Das Lokal comes from fine heritage: formerly Kantine, a cult pop-up of sorts which had occupied a space earmarked for demolition in David Chipperfield’s architectural office. Their relocation to a permanent location on Linienstrasse sees the restaurant decorated with beautiful furniture, handmade from wood salvaged from the forests around Berlin. Das Lokal flies the flag for Portland-style locavore cuisine, using only the most sustainable of ingredients for its changing menu of German staples. The Mitte location makes it a popular lunch spot for local media types who come to talk shop over roast veg with salad or gulasch soup. The dinners are more elaborate affairs, starters of pigeon with chestnuts, mussels in broth or asparagus croquettes all designed to demonstrate the superior flavour of well-sourced produce. The kitchen is an oasis for offal dishes and game, with which Berlin’s surrounding forests abound – a welcome sight in today’s age of cheap industrial farming. Book ahead for dinner.

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Mitte

Bar Raval

Recommended

The economic struggles of many European countries has seen a steady stream of young migrants coming to Berlin in recent years – and the upside is a palpable surge of energy in the local culinary landscape. Nowhere is this more visible than in the ‘New Spanish Wave’ of restaurant openings, with tapas, Basque and Catalan cuisines well represented. At the helm is Bar Raval, owned by actor Daniel Brühl, of Goodbye Lenin and Inglorious Bastards fame. Half-Spanish and a Barcelona tapas expert, Brühl teamed up with an old friend, restaurateur Atilano González, to show Berlin how it’s done. In a modern canteen-like setting overlooking Görlitzer Park, the pair imported tiles from Spain and filled their cellar with excellent wines (you’ll find plates paired with excellent cava, a crisp Albariño or fragrant Manzanilla sherry). The open-plan kitchen serves classics such as Spanish omelette, salt-cod fritters and succulent Bellota hams. They do a weekly paella night and regional monthly specials, such as Valencian monkfish in paprika sauce or Basque veal cheeks in red wine. Come during Barcelona FC matches where the place gets really lively and try working your way through their extensive gin menu.

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Kreuzberg

Sasaya

Recommended

One of the city’s greatest culinary gripes is the poor availability of fresh fish, something blamed on geography but more likely to do with local tastes traditionally running to the freshwater varieties or smoked and pickled preserves. This poses a challenge for Japanese restaurants and other than the scores of combination Asian places serving ‘discount’ sushi, the Real McCoy is hard to come by. An authentic menu and a bustling atmosphere have kept Prenzlauer Berg’s Sasaya a long-term favourite. The sashimi here is eye-poppingly fresh and they also serve the interesting thick sushi rolls futo maki alongside fine cooked dishes of grilled horse mackerel and kakuni (braised pork belly). For a real taste of the ocean though, try one of their dressed seaweed salads, those emerald-green strands’ slimy crunch akin to a muscle-memory of their previous maritime home. This place packs out: reservations required.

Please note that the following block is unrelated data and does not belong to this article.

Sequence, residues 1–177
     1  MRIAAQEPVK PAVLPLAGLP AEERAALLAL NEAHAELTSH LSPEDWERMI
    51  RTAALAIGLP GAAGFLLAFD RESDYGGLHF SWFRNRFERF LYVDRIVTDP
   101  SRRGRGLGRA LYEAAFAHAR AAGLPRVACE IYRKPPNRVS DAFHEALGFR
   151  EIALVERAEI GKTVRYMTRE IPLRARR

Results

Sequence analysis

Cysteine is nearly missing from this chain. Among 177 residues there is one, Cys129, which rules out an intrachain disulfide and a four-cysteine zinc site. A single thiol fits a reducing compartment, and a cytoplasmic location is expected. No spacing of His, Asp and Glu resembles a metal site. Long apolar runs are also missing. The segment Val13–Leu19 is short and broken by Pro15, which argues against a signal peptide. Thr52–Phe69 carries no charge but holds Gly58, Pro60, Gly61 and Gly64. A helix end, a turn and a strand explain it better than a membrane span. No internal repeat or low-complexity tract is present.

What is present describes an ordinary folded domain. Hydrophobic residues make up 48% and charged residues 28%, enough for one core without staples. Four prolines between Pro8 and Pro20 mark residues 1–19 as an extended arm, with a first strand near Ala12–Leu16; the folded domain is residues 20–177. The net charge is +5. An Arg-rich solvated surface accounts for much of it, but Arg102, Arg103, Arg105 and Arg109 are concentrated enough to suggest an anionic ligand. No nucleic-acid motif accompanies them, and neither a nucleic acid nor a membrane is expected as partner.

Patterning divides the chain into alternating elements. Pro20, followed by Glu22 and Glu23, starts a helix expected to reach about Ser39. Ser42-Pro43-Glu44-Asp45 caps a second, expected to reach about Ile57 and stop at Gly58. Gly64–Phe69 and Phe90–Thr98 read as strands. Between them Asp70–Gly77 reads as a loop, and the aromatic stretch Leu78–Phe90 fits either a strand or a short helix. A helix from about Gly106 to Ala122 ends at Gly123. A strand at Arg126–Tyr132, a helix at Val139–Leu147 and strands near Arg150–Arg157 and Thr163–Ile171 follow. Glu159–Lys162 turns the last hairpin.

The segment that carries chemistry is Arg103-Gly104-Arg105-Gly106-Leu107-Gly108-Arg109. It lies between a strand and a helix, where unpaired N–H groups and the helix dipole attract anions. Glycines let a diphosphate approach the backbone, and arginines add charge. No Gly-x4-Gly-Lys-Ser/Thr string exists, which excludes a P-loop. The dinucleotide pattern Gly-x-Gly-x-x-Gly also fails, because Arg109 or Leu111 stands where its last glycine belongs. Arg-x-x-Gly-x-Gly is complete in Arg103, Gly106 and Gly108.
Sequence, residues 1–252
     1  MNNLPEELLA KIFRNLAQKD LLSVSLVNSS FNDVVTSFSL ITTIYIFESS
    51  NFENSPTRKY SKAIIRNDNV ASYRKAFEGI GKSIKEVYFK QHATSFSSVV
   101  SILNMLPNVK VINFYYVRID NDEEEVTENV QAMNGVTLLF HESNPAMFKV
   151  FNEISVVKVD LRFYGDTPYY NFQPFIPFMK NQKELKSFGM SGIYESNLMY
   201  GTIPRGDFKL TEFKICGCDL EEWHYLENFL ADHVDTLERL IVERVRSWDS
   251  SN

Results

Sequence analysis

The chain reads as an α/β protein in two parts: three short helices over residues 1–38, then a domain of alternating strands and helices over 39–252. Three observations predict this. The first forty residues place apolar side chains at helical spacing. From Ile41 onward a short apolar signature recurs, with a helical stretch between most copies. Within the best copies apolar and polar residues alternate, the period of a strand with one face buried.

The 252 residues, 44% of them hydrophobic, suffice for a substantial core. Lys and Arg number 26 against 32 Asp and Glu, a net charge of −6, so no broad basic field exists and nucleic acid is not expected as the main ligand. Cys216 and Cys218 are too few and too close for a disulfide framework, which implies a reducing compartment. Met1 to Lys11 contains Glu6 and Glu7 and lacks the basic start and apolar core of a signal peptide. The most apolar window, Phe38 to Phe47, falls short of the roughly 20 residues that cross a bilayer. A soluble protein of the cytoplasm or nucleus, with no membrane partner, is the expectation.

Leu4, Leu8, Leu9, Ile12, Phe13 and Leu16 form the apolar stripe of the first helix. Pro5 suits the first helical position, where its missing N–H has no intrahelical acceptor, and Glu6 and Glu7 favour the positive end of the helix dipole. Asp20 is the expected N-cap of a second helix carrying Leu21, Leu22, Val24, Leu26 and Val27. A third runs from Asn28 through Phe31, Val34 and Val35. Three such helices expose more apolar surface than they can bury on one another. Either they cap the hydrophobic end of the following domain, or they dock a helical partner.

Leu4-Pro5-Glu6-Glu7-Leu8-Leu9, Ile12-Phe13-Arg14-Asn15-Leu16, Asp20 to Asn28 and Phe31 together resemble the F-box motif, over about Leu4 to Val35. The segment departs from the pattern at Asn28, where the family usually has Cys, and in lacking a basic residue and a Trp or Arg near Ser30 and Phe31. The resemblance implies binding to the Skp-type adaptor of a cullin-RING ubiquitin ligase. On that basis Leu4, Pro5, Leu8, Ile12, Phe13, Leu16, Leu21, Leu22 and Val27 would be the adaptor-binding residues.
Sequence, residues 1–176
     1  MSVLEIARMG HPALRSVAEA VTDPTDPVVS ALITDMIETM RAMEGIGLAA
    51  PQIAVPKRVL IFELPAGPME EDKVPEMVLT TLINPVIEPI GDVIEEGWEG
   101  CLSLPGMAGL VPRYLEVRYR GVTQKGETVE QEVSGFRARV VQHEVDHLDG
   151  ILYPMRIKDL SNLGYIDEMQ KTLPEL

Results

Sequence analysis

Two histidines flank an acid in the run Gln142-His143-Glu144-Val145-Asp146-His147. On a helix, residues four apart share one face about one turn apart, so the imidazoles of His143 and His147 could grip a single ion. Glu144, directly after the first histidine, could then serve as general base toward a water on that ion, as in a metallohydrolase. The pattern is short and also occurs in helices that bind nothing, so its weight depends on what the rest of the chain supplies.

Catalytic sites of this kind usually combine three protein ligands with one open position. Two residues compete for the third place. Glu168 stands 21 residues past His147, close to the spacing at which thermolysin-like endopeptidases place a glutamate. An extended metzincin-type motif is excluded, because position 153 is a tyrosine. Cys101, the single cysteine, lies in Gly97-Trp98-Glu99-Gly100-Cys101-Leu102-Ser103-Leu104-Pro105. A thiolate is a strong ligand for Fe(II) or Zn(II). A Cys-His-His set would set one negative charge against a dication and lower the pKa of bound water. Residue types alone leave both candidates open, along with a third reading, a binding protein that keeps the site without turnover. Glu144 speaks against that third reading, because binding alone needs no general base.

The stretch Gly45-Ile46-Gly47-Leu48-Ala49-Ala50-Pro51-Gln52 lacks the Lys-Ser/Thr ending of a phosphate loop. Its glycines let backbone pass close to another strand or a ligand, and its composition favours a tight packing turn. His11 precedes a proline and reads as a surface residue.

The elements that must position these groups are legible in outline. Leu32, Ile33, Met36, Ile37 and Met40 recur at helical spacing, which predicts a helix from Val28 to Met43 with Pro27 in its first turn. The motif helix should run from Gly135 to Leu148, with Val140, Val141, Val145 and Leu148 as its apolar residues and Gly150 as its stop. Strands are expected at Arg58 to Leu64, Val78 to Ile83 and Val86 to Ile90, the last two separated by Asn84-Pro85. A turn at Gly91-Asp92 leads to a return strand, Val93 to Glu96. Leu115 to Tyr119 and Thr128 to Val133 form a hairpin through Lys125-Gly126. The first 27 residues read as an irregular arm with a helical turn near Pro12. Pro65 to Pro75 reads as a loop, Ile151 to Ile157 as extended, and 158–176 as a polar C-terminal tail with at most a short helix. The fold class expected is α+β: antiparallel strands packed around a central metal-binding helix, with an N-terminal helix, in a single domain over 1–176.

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Prenzlauer Berg

Jolesch

Recommended

Some of the greatest spots for Germanic food in Berlin are actually Austrian: classic dishes such as Wiener Schnitzel (which is with veal) and Tafelspitz (braised beef) originate in Vienna, the ancient Imperial centre of Europe. One of the best-loved restaurants for schnitzel is Jolesch, a low-lit, wood-panelled dining room in Kreuzberg, catering to savvier locals since 1992. A proper schnitzel is a true glory to behold: an enormous disc of golden brown should leave no part of the plate exposed. All it requires is a slice of lemon and a side of potato and cucumber salad to cut through the fat. The classics here are undisputed, but are also accompanied by a chef’s menu with seasonal and often adventurous dishes such as venison with quince or hay-smoked lamb’s tongue. Spare room for one of the luxuriant cream cakes laid out on a central dessert table or a plate of Kaiserschmarrn to share: the fluffy, eggy pancake with plum sauce that was an imperial favourite.

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Kreuzberg

The Bird

Recommended

Head to The Bird up in Prenzlauer Berg (now opening a second branch in Kreuzberg) for a dip into that emotional, American relationship with beef. A dip, in the literal sense, as the menu hectors diners to ditch the ‘uptight’ knife and fork (rolls of kitchen towel are supplied on each table for those wishing to get elbow-deep). Get stuck at one of the large chunky tables for a long-haul meaty experience. Staff stick to the hard-bitten New Yorker stereotype and the restaurant gets rowdy: ‘angry hour’ runs from 6-8pm every day, with a two-for-one offer on Schneider Weisse draught beer and 25 cent spicy chicken wings. The Bird’s burgers (starting at €9.50) are mighty: 250g of freshly minced meat is smothered in molten cheese and caramelised onions, with a toasted English muffin perched jauntily atop the sloppy pile. Alongside this glistening beauty lies an enormous pile of hand-cut fries, one of the restaurant’s highlights. Options for burger variants include blue cheese, guacamole, bacon, and so on, but any addition here seems like overkill. Don’t plan on doing much after tackling one of these gut-busters; you should roll out virtually prostrate.